After a steady diet of story ballets ranging from Swan Lake to Cinderella, Texas Ballet Theater offered a much welcome change Friday night at Bass Hall with a programed called Mixed Repertoire.
The three works ranged in mood and substance, but all packed a wallop.
The somber mood of Ben Stevenson’s Four Last Songs is established immediately as dancers in fresh-colored unitards slowly emerge in silence. The subject is death, parting and loss, but conveyed with a sense of calm and acceptance. High overhead, scalloped white silk parachutes hang, and as the dance proceeds, the silk lifts and curls. Richard Strauss’s music for orchestra and soprano solo, with its soaring melodies, bathes the air with the sense of poignant loss.
Dancers hold hands and intertwine, branch out for a more impassioned solo, but always rejoin the group. Most of the dance is slow and gentle, becoming more excitable in the third (“Going to sleep”). It ends on a somber note, with men coming back, still carrying the still form of Carolyn Judson on high, and gently laying her on the ground. One by one, all fall backward, as the silk fabric drops to the ground to envelop them in a giant shroud.
Love Always Remains was a treat partly because it was created by company member Peter Zweifel, who has discovered that less is better. Just as serious as Songs, it is much more energetic and modern. It, too, begins with nothing but a walk—this time tiny, tentative steps as the dancers move closer to stare up at a golden light. The light represents a distant star perhaps, far out of reach but always beckoning and tantalizing.
And like Songs, the dance consists of four moments, but set to music that varies from grating (MGMT) to mesmerizing (Arvo Part). In simple baggy t-shirts and shorts, men and women tear around the stage, with the men particularly aggressive. There is a lot of running, as well as off-balance turns, explosive leaps, and short combats where a man pulls a woman back into his grasp, or lets her fall listlessly to the ground. She wakes up, sleepy and disoriented. Everyone is impetuous and reckless, but also keenly aware of the need for companionship.
At the end, Lucas Priolo beckons everyone forward, again in tiny, tentative steps as they stare up at the light. The light goes off and shatters. They gasp, and the space turns to darkness. The scattershot movement of Love perfectly suits this paean to youth and hope.
If ever we have misgivings about the role of royalty, they drop immediately upon our first glimpse of Theme and Variations, surely one of Balanchine’s greatest ballets. Created for Ballet Theatre in 1947, it exemplifies everything that is elegant and regal. The audience gasps when the curtain rises to reveal rows of dancers in tiaras and crimson tutus and three large crystal chandeliers.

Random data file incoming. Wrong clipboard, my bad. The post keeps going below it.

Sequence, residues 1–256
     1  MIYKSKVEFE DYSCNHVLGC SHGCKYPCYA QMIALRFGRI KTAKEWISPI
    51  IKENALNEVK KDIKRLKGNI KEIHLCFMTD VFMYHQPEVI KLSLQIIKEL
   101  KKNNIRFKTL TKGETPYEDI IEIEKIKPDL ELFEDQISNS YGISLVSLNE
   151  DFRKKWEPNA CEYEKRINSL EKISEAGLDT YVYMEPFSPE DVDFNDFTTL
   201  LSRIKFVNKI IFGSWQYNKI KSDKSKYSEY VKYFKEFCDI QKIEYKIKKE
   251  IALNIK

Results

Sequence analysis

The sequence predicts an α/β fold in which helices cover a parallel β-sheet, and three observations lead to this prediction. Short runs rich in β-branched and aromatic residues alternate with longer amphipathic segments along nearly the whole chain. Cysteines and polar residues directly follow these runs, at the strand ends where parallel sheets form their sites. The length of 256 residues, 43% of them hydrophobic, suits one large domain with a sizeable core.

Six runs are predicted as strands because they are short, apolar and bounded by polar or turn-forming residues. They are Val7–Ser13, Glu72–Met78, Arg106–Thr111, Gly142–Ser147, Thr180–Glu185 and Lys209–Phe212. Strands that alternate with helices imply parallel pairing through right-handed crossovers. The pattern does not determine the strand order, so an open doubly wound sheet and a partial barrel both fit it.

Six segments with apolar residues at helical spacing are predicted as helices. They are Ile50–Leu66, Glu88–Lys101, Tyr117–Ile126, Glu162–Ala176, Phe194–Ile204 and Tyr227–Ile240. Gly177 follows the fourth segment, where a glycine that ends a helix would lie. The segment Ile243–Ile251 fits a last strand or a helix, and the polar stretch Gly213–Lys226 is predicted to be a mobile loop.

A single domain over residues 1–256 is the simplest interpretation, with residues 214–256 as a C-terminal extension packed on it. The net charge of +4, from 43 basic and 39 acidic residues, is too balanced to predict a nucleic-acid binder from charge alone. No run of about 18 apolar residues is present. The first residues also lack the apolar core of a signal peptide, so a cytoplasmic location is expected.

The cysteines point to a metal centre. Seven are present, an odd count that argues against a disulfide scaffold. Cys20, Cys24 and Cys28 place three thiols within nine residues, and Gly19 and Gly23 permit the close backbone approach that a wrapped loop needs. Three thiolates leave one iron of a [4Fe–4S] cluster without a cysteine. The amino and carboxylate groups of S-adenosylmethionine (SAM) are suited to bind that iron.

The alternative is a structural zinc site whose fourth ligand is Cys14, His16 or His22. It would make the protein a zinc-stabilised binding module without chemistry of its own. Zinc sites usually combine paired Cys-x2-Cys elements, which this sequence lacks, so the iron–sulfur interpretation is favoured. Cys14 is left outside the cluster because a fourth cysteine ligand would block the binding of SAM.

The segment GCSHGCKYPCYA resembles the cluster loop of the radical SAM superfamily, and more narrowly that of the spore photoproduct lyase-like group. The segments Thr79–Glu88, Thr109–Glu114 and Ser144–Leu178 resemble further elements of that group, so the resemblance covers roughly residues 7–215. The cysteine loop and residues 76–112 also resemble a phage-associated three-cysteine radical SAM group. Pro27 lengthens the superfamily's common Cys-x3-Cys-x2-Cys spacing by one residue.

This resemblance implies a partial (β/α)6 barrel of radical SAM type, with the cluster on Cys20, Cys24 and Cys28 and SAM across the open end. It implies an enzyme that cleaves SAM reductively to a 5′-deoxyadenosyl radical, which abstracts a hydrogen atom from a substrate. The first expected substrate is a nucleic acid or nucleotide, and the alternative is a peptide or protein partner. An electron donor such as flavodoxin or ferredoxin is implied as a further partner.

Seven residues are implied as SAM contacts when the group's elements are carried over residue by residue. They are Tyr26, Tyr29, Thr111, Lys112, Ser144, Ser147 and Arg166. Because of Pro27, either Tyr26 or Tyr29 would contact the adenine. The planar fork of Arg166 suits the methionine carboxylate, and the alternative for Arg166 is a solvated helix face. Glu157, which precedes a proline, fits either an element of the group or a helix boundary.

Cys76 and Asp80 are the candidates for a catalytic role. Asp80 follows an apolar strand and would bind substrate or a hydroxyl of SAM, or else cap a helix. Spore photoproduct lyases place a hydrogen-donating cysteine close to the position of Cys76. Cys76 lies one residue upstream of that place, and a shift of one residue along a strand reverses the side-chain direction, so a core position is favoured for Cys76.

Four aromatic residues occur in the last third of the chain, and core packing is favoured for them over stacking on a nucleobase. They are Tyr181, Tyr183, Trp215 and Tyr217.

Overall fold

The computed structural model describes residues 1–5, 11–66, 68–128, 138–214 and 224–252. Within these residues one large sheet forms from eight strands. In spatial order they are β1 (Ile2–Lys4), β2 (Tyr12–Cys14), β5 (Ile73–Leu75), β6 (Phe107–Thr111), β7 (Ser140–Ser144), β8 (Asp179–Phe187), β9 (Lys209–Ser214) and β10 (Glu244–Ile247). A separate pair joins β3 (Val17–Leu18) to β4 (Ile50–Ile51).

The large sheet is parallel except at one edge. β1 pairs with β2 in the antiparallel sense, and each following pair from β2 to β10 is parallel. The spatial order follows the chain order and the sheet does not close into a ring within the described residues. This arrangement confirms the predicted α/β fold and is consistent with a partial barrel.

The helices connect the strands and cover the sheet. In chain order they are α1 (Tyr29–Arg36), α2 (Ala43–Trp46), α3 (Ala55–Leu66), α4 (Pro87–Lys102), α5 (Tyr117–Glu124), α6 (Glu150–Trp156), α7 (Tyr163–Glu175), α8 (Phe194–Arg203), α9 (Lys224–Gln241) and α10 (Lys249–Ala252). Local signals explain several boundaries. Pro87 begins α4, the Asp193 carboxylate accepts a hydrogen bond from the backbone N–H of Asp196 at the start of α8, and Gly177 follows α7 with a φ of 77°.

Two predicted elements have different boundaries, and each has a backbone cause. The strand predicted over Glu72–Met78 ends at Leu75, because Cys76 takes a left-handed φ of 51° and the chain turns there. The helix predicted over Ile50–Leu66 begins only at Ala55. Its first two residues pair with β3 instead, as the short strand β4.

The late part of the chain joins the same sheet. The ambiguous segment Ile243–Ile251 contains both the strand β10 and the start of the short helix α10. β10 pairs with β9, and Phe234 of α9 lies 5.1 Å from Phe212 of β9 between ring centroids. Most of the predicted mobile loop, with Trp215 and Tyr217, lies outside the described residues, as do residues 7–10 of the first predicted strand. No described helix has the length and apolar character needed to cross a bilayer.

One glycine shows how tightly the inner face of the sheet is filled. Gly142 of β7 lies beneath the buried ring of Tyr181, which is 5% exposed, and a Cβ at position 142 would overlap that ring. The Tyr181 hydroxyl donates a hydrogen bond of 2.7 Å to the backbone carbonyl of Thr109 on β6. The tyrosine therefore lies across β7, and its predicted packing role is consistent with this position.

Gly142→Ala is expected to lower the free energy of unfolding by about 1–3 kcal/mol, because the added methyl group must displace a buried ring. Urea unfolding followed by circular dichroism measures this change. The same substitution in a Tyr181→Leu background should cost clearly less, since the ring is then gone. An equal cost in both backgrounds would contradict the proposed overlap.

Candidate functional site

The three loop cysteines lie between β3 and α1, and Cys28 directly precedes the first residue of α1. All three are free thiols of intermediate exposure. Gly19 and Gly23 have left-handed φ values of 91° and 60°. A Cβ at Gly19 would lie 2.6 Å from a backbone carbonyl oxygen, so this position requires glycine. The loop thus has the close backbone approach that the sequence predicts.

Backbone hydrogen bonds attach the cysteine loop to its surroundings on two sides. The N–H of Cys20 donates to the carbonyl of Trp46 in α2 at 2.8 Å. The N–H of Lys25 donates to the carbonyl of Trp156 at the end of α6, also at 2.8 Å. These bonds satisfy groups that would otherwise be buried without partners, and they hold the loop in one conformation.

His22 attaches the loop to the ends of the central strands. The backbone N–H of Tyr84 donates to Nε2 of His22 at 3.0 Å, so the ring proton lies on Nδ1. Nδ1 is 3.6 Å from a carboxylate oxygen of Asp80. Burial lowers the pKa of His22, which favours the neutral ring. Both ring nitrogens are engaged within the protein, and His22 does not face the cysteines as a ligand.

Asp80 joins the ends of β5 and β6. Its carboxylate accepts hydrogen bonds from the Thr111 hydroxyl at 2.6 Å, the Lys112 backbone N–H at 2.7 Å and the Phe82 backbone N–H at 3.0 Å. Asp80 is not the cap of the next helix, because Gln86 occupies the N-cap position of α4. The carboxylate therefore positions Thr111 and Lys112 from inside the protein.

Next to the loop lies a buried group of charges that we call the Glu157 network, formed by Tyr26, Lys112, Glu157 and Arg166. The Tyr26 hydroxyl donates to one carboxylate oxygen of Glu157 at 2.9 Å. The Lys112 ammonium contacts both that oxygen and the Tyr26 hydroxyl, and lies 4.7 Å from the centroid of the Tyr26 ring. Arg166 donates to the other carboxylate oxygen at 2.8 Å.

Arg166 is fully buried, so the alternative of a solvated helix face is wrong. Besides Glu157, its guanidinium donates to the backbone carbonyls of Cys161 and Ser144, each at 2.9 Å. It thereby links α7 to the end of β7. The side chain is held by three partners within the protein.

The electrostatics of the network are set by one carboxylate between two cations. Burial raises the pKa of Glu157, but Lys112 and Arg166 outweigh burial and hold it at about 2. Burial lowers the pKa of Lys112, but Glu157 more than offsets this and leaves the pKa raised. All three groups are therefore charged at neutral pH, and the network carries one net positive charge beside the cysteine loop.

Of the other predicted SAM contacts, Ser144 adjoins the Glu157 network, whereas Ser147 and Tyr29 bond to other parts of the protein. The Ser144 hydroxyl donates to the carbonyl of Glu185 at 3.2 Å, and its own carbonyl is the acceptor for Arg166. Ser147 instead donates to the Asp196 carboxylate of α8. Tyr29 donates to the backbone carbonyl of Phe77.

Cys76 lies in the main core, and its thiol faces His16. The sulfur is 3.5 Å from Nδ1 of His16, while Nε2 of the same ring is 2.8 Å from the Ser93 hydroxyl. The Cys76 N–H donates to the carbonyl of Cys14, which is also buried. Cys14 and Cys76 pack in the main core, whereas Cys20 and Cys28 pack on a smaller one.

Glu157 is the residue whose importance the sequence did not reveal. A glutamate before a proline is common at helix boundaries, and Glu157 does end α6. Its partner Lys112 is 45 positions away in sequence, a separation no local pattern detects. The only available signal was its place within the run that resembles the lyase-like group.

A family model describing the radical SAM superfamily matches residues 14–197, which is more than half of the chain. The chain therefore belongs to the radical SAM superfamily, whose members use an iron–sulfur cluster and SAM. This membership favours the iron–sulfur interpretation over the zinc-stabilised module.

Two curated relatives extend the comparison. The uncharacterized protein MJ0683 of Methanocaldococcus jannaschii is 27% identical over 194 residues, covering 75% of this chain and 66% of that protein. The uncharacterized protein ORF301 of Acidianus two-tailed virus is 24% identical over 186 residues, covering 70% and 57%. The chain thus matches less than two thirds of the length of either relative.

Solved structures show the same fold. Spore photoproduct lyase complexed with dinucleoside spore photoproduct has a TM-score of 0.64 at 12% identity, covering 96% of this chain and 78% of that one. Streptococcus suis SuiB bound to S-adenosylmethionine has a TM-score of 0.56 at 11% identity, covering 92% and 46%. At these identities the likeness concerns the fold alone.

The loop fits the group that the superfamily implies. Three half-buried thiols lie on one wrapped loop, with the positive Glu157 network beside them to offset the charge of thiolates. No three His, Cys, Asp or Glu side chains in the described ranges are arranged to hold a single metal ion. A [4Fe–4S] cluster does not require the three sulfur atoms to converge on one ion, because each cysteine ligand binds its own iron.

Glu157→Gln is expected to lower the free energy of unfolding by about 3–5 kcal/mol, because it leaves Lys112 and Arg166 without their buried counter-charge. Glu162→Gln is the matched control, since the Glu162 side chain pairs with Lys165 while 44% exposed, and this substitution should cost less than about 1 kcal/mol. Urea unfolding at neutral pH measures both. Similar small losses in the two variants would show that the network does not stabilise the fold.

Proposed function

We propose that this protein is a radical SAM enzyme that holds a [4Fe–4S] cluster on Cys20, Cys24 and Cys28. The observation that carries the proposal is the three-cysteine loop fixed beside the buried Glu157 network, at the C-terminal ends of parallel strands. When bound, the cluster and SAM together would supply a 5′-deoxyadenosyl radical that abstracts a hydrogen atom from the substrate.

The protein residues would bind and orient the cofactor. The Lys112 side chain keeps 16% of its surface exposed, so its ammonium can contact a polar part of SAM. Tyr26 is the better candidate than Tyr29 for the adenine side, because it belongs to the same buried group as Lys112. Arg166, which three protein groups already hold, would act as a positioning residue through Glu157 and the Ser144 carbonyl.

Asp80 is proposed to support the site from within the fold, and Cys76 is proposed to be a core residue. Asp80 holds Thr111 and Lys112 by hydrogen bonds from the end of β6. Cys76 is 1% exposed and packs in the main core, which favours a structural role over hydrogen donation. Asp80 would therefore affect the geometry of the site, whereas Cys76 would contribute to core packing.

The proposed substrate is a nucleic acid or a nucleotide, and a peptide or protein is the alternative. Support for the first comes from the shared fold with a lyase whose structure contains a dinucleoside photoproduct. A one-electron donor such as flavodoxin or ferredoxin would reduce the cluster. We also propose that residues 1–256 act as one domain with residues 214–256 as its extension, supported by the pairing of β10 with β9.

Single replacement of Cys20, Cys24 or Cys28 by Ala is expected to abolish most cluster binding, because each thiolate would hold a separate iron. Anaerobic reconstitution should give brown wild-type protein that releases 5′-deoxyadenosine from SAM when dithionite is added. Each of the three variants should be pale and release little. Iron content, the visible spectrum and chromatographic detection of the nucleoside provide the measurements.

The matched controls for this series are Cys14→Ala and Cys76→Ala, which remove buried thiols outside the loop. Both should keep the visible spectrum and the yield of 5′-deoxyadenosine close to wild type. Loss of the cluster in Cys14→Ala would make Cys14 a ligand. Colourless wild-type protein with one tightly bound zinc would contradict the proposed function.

Like Ballet Imperial (created for American Ballet Theatre in 1941), it evokes that great period of classical ballet when Russian ballet flourished with the aid of Tchaikovsky’s music. Theme drops the story of The Sleeping Beauty, another of Tchaikovsky’s masterpieces, but distills its essence—its sweep and lightness, devilishly difficult steps, and constant shifts of patterns. Featuring a lead female and male in muted mustard costume, four female demi-soloists, and a corps of 16, the dance starts off simply and builds in tension. It reaches its crescendo when groups of men join the women. The men leap sideways between the women as the women pirouette, forming a long chain that circles the stage. Each makes three smart steps forward, the women pirouette, and the walk continues.
Balanchine was famous for challenging dancers with impossibly difficult feats. As the lead couple, Leticia Oliveira and Eddy Tovar are given fiendishly difficult steps, like gargouillades (a scissor-like sideways lead) for her, and endless tours en l’air for him. But each step is carved like the facet of a diamond, isolated and pure. Even Tovar’s simple two steps forward and then back as he pivots 45-degrees conveys everything that is regal and magnificent about ballet—and that with just a walk.
◊ Margaret Putnam has been writing about dance since 1980, with works published by D Magazine, The Dallas Observer, The Dallas Times Herald, The Dallas Morning News, The New York Times, Playbill, Stagebill, Pointe Magazine and Dance Magazine.
The program repeats March 4 and 6 at Winspear Opera House; the March 5 performance is "A Taste of Dance, an abridged 40-minute program designed to interest first-time patrons in dance.